S.H.I.E.L.D. quickly puts together the nefarious plans of Andrea Von Strucker who now calls herself Madame Viper: she plans to fire four missiles at Manhattan containing The Death’s Head Virus which Gabriel Jones claims is so lethal it “makes Ebola look like a case of the sniffles” and the only one who can give them an idea of how to cure the virus is the former Nazi scientist Arnim Zola, the man who helped Strucker develop The Death’s Head Virus. It turns out that HYDRA is using Nick to lead them to Zola and Nick himself is infected with a poison that will kill him in 48 hours which coincidentally is how long he’s got to stop HYDRA from wiping out Manhattan. It’s a race against time to not only find the missiles containing The Death’s Head Virus but also to find a cure to save Nick’s life.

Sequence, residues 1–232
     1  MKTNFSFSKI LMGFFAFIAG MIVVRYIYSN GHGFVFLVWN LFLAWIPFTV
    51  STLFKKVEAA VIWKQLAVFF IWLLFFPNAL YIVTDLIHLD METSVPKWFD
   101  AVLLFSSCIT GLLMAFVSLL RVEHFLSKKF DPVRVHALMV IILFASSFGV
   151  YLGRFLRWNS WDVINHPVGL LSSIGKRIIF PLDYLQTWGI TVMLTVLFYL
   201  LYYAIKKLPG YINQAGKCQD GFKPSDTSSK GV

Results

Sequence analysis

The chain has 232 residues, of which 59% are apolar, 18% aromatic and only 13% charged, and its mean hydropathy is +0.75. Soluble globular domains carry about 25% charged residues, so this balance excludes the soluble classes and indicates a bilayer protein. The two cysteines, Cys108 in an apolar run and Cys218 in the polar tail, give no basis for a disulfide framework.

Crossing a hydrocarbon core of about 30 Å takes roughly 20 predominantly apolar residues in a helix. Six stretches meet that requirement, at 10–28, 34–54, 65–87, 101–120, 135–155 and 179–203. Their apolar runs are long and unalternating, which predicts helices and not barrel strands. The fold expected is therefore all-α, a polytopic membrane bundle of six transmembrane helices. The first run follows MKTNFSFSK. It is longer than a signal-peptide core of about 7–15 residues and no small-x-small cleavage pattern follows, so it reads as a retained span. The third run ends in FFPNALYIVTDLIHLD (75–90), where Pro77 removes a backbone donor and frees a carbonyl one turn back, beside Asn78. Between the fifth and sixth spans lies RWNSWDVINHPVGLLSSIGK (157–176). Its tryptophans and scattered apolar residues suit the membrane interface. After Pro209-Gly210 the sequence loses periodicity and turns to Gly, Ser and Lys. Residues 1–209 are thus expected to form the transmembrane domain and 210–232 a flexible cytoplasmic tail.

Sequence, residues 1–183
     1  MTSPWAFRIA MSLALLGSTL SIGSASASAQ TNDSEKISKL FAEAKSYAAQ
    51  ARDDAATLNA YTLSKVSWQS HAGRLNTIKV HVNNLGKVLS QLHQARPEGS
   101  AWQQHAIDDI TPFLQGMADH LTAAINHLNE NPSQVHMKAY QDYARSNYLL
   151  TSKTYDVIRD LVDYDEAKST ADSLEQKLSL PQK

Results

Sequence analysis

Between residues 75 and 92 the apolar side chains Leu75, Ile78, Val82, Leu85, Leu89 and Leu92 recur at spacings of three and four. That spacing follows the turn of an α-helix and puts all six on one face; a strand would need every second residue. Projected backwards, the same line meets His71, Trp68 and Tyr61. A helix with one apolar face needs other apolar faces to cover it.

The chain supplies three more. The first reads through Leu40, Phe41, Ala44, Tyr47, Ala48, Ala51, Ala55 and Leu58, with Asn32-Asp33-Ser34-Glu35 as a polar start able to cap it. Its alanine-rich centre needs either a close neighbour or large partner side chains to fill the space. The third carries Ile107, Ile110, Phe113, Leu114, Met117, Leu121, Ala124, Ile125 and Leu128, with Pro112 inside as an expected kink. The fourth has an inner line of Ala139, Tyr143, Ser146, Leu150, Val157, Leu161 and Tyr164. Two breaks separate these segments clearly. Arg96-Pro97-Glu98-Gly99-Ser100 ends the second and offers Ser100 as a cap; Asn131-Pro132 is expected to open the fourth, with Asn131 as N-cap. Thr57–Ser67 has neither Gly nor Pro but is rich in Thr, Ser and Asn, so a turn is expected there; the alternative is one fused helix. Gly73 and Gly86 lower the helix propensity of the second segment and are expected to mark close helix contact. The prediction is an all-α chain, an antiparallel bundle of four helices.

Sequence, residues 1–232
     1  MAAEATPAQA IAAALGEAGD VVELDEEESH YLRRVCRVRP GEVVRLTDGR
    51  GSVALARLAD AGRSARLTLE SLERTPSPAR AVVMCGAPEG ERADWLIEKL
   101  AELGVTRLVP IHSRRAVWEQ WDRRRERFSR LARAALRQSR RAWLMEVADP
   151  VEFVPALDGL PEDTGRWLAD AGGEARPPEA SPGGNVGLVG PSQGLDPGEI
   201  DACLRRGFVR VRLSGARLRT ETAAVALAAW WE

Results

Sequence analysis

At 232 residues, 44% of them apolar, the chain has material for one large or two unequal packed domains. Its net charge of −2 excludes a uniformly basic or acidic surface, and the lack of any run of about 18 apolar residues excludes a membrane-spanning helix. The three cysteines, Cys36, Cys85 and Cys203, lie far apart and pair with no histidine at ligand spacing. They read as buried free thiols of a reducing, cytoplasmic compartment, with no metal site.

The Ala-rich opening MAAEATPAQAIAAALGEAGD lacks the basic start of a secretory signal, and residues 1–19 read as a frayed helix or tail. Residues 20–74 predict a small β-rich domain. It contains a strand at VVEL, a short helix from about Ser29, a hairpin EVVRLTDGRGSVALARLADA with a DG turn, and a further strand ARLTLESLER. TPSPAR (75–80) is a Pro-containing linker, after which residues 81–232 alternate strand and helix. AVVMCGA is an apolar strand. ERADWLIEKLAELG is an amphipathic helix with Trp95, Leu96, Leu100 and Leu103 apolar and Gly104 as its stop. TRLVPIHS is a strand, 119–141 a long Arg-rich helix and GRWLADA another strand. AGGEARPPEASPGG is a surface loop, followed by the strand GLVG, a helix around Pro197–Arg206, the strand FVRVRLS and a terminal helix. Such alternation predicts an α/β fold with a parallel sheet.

Here’s where I alienate most of my comic book reading buddies and I’m sorry but what the hell: I like NICK FURY, AGENT OF S.H.I.E.L.D. a whole lot. If anybody had told me prior to my seeing the movie that David Hasselhoff could have pulled it off I’d have laughed myself into a hernia (my dream casting choice for Nick Fury is the young Jack Palance) but damn if Hasselhoff doesn’t look exactly like the Jim Steranko version of the character. And the best thing I like about Hasselhoff is that he obviously did his homework. There are several lines he throws off in the movie that I would swear come right from the comic book. He swaggers through the movie with Fury’s trademark cigar stuck in his mouth and even though there’s no mention made of Fury’s World War II career, Hasselhoff plays him with traditional 1940’s values of country, honor and sense of duty in a modern world and it works. Even his friends refer Nick to a ‘dinosaur’ but everybody acknowledges his love of country and sense of honor.